The French government on Tuesday outlined its plans to take full control of EDF, the highly indebted power utility that is to spearhead efforts to relaunch the country's nuclear industry.
The offer to minority shareholders will be priced at 12 euros per share, meaning the operation to fully nationalise the group will cost 9.7 billion euros ($9.9 billion), the finance ministry said.
The electricity provider is currently 84-percent owned by the state, with institutional and retail investors holding 15 percent and staff one percent.
EDF's finances have been weighed down by declining output from France's ageing nuclear power stations, which it manages, and the state-imposed policy to sell energy at below cost to consumers in an effort to help them pay their energy bills.
The energy crisis triggered by Russia's war in Ukraine has added to EDF's acute difficulties, and to the urgency of ensuring France's energy security.
President Emmanuel Macron's government plans to launch the buyout in September, which gives it time to set aside funds for the cost in a mini-budget in the autumn.
The finance ministry gave end-October as a likely date for completion.
The supplementary budget will, however, be subject to approval by parliament, where Macron's party and its allies lost their majority in parliamentary elections last month.
The state's complete takeover of EDF, first announced on July 6, "will give EDF the means to implement the new nuclear power plant programme the president has asked for and the roll out of renewable energy in France", Finance Minister Bruno Le Maire said.
The public tender offer is the simplest way to take back full control of EDF, analysts said, without the need for full legal nationalisation -- of which there has been none in France since 1981.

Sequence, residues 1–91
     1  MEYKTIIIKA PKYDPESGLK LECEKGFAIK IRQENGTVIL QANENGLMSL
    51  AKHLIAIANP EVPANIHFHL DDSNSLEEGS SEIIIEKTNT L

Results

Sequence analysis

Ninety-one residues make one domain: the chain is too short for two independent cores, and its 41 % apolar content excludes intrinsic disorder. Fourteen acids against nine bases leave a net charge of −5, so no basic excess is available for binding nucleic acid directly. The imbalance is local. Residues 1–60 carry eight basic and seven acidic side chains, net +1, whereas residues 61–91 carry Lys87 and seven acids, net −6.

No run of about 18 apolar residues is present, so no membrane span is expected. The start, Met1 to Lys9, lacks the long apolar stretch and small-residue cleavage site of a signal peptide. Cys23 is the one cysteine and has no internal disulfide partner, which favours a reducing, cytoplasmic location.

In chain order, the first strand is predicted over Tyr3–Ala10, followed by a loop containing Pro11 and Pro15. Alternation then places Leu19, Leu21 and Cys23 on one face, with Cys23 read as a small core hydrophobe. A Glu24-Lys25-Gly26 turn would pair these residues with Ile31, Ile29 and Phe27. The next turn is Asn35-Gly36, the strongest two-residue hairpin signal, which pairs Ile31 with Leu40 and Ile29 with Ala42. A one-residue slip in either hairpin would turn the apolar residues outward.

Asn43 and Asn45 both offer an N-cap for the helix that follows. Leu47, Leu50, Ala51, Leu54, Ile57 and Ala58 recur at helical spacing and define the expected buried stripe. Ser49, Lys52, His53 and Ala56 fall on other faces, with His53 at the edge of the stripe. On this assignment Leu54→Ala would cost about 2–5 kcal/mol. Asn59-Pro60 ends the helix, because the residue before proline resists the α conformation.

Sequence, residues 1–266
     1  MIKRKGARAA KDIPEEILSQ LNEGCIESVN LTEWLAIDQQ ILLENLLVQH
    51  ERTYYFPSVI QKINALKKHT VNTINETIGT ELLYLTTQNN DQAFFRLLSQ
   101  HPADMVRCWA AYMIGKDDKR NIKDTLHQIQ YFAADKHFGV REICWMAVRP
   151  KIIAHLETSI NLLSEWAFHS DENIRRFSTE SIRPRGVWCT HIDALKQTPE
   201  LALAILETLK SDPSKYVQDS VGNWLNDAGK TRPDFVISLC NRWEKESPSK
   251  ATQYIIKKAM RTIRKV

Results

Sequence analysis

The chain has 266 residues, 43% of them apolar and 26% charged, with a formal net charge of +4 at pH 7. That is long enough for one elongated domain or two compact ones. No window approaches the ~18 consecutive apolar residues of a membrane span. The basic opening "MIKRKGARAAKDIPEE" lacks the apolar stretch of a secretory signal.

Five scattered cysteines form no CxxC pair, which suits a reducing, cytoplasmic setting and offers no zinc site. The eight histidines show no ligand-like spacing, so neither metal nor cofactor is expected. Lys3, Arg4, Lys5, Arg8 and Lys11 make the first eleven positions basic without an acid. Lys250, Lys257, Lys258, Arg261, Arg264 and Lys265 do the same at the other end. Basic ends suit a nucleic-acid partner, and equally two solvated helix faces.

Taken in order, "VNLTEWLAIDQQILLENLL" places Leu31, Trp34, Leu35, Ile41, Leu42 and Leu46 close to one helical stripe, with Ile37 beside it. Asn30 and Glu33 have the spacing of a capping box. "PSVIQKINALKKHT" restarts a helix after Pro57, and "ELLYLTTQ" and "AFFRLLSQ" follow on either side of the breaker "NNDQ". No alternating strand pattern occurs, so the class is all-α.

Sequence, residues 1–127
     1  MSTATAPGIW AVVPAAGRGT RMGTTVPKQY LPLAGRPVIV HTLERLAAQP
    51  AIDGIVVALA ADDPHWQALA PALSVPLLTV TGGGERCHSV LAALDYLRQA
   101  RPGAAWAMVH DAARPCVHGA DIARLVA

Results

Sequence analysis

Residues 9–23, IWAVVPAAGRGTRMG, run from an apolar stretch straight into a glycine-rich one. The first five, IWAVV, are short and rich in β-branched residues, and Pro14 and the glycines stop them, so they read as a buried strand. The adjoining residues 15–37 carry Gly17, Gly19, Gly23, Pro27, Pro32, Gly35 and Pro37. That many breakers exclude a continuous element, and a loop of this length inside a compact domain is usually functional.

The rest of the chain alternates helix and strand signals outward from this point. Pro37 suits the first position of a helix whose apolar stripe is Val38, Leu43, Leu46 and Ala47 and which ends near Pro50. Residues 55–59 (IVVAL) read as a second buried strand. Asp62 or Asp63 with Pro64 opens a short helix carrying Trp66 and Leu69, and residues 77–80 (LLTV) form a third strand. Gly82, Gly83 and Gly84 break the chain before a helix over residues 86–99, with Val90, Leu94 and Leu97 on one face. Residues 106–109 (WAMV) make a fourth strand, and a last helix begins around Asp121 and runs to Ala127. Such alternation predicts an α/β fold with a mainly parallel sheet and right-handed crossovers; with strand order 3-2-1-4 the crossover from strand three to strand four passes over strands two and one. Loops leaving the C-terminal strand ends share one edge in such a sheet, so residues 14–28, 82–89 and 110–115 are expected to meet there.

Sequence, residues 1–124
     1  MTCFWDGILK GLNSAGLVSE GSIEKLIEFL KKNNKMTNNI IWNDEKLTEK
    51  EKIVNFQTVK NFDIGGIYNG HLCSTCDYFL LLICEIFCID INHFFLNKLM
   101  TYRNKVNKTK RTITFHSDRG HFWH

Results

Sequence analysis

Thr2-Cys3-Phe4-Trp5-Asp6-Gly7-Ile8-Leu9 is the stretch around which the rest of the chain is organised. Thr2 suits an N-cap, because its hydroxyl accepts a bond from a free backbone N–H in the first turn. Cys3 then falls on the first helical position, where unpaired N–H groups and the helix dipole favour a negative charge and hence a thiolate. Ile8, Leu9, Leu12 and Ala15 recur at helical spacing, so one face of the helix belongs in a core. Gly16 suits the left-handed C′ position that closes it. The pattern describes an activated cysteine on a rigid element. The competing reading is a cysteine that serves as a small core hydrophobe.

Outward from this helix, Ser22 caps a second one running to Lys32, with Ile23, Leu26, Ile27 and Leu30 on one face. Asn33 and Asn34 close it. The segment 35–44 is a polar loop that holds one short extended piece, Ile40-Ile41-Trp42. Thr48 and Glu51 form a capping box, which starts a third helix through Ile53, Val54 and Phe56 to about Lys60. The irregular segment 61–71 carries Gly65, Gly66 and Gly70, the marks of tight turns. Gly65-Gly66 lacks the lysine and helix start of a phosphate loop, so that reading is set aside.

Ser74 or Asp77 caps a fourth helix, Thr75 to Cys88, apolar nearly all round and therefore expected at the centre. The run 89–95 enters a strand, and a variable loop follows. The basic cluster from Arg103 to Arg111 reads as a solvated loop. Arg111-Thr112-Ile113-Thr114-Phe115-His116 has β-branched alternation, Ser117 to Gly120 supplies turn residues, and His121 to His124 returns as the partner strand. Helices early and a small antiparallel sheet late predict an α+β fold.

- 'Peace of mind' -
Earlier this year, Macron called for a "renaissance" of the country's nuclear industry, saying he wanted up to 14 new reactors to power the country's transition away from fossil fuels.
He also announced that he would seek to extend the lives of all existing French nuclear plants where it was safe to do so.
Currently over half of France's 56 nuclear reactors are idle, either for maintenance or corrosion problems linked to ageing.
Analysts say the government does not expect private investors to help raise the enormous sums needed to renovate and re-launch the nuclear industry, making full nationalisation the best choice.
"This will allow us to tackle the necessary changes over the extremely long term with greater peace of mind," an official in the finance ministry said.
EDF's debt is projected to reach 60 billion euros by the end of the year.
Nuclear energy currently covers some 70 percent of France's electricity needs. Nuclear was recently given a "sustainable" finance label by the European Union with the backing of France.
EDF shares, which had been suspended on the Paris stock exchange pending the announcement, rose more than 15 percent on Tuesday, trading at 11.75 euros.
That is only just below the offer price, reflecting investor confidence that the buyout will go through smoothly.
The offer price represents a premium of 34 percent over EDF's average share price in the past 12 months, the finance ministry said.
The government does not need all private shareholders to submit their shares. It has the option of forcing a buy-out of remaining stock so long as its stake rises above 90 percent.
Once the operation is completed, EDF will be de-listed from the stock exchange, 17 years after its high-profile initial listing, it said.